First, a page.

Wow. I don't have to do that in the restaurant where I work. That sounds too hard. I've been at this restaurant for almost 10 years so I'm assuming the management thinks I'm doing a pretty good job, even if I skip tables. In restaurant work I think you really just need to go to the people who request you and to other people at your discretion when you don't have a line up of requests. I wouldn't worry about it if you want to skip table or three as long as you keep busy. If you think they're going to be a problem, don't go to them. Why would you want to perform for people you think are going to be a problem anyway? Sounds like people who wouldn't want to see magic in the first place. I certainly wouldn't want to waste my precious time on people like that.

[quote]O ya, there is also often someone strolling around with finger food you can partake of without looking to greedy.[/quote]

I'm assuming you're joking about the finger food but I'll address it just in case you're not. If you eat finger food as it's going around at a corporate function and you are NOT a guest of that corporate function, IMProfessionalO it makes you look very unprofessional. I would never eat at a strolling gig, EVER. I have no idea how you can perform magic and eat at the same time. Not to mention the fact that it would give you garlic breath and/or cause you to have spinach stuck in your teeth.

Yah, ya godda little sompthin' in yer teeth dar, Bob. *grin* (that's my Minnesooda accent dar, ya shur hehe)

Suzanne
Message: Posted by: Bob Johnston (Mar 5, 2005 08:57PM)
Well, Suzanne, I don’t do corporate strolls. However, I still do small dinner parties and luncheons. The host of the last one I did repeatedly asked me to try some “finger food” as is often the case. Perhaps things are more formal in Minnesota.

Perhaps it is because of my age, but I am often asked to join the guests if there are snacks around. I am surprised if (in Minnesota) spinach is considered “finger food”. I have also never seen garlic as “finger food”, but I don’t know much about Minnesota.

Actually, I think it would be very unprofessional to be so rude as to say “no” if the host asked me to try a cookie or some other (non-messy) food between routines. Most of the walk-around I do, I am considered a guest, albeit paid. I am treated that way, and I behave that way. Of course I could say “I’m sorry, but I am professional, and do not eat when working, but why would I do that.

I did a large birthday party last year where I was asked to join the adults in the kitchen for a snack, I said yes, even though I was not really interested in eating. I did some close-up at the table, but that was not really asked for. Perhaps that too was “unprofessional.”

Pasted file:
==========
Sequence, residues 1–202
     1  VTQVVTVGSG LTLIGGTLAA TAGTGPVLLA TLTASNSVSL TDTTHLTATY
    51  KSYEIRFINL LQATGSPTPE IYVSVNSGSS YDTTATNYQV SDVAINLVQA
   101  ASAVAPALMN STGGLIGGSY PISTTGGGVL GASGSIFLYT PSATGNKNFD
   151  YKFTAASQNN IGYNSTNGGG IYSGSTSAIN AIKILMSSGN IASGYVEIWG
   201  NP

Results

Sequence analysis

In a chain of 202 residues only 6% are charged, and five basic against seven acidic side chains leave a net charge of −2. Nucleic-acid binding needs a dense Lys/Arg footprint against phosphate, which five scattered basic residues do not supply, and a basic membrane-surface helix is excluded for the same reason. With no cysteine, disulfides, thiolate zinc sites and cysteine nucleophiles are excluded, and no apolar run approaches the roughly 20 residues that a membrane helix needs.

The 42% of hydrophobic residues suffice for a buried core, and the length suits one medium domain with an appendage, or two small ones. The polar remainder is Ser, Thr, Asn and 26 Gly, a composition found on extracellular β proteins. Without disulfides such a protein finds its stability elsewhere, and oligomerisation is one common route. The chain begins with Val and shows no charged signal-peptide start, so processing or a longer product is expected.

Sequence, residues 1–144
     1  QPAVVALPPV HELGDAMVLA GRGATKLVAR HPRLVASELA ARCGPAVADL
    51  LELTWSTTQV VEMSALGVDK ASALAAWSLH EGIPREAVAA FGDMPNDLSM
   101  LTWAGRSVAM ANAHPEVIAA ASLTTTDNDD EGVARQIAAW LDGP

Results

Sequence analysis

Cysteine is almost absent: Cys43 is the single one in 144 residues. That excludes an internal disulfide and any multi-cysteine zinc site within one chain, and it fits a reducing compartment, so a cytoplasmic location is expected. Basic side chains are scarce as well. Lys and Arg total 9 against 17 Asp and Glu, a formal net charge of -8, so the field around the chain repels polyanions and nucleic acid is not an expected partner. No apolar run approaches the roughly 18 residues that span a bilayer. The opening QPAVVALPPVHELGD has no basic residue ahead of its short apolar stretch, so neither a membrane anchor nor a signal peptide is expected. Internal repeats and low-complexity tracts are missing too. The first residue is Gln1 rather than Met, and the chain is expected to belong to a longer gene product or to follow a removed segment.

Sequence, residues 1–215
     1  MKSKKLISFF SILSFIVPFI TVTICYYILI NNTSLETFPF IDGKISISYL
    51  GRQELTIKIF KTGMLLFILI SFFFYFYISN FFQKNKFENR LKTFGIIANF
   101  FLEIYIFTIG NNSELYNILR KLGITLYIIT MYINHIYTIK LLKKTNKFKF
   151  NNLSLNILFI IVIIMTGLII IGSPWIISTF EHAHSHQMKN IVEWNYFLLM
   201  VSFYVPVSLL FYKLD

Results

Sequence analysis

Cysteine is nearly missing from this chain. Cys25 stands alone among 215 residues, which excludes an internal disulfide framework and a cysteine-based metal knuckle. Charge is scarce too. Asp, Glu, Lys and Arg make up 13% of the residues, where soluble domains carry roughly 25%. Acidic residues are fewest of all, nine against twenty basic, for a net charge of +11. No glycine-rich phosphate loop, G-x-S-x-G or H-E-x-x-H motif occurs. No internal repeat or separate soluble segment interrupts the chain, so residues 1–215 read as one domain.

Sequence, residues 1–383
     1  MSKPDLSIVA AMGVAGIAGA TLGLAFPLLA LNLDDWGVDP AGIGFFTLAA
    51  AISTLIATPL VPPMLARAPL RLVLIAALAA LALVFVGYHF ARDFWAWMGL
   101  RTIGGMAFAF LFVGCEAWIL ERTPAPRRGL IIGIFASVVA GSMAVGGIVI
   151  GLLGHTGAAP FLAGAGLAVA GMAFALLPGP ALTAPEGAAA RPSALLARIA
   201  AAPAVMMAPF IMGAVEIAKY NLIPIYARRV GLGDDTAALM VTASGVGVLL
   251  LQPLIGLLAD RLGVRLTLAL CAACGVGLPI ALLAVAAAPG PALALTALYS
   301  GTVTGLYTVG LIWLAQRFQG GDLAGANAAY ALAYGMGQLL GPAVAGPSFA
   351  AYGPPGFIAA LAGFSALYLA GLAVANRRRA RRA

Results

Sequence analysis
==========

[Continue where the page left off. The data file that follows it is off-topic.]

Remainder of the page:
Acting and being “professional” has to do with, far more, than accepting “finger food” occasionally at a lunch or dinner party gig.

Last year I did a walk-around at a Halloween Party. I wore (to some degree) a costume. I suppose this too would have been considered (by some) to be “unprofessional”. Even though I was paid to be there, I was also asked to be one of the judges in the costume contest.
Perhaps we (Suzanne and I) just move around in different circles.

A friend of mine is doing Bar Magic for a major distiller in NY. I will ask him, but I am willing to bet, that he is “finger fooding” now and then as he works.

Bob
[quote]being “professional” has to do with, far more, than excepting “finger food” occasionally at a lunch or dinner party gig.[/quote]
Message: Posted by: Beth (Mar 6, 2005 09:00AM)
Pesonally it seems unprofessional to me too. I mean you are paid to do a job ...to entertain. That would be like a waitress eating while she's working. Yes she's in a place where there is a lot of food flowing about, but she is being paid to give a service. I would have to agree with Suzanne it seems a bit unprofessional to me, not to mention messy. Just my opinion.
Peace Beth
Message: Posted by: Paddy (Mar 6, 2005 09:19AM)
The one thing that we have not told Pablo re: restaurant strolling, you have to keep changing the effects you do. I have, after 7 years, a lot of customers who come to the restaurants to see my magic. In fact I have had some even bring in their customers or potential customers so I could entertain them for a few minutes. Nice for my ego, but, if you keep doing the same old things, they will spot that in a short time.

Corporate strolling you can keep the same routine for a year or two before adding new effects.

BTW, Suzanne, I spent a lot of my youth in and around Minneapolis. In Minnetonka to be real precise plus graduated from the U in Mpls.

Peter
Message: Posted by: Suzanne (Mar 6, 2005 05:58PM)
Hey Bob!

Sure hope I didn't offend you with my last post. If so I'm sorry, that certainly wasn't my intent.

Thanks for clearing up the bit about the finger food thing. I'll tell you what I pictured from your comment:

[quote]O ya, there is also often someone strolling around with finger food you can partake of without looking to greedy.[/quote]

When I do strolling magic for catered functions in a banquet room, or in someone's home for that matter, (could be a corporate function, could be a private function) servers come around with hors d'oeuvres (which a lot of times is garlicy and spinachy hehe). So I pictured from your above comment someone working for one group while grabbing a little snack, moving on to another group while grabbing a little snack, and so on. I wouldn't have even replied if I had known your situation.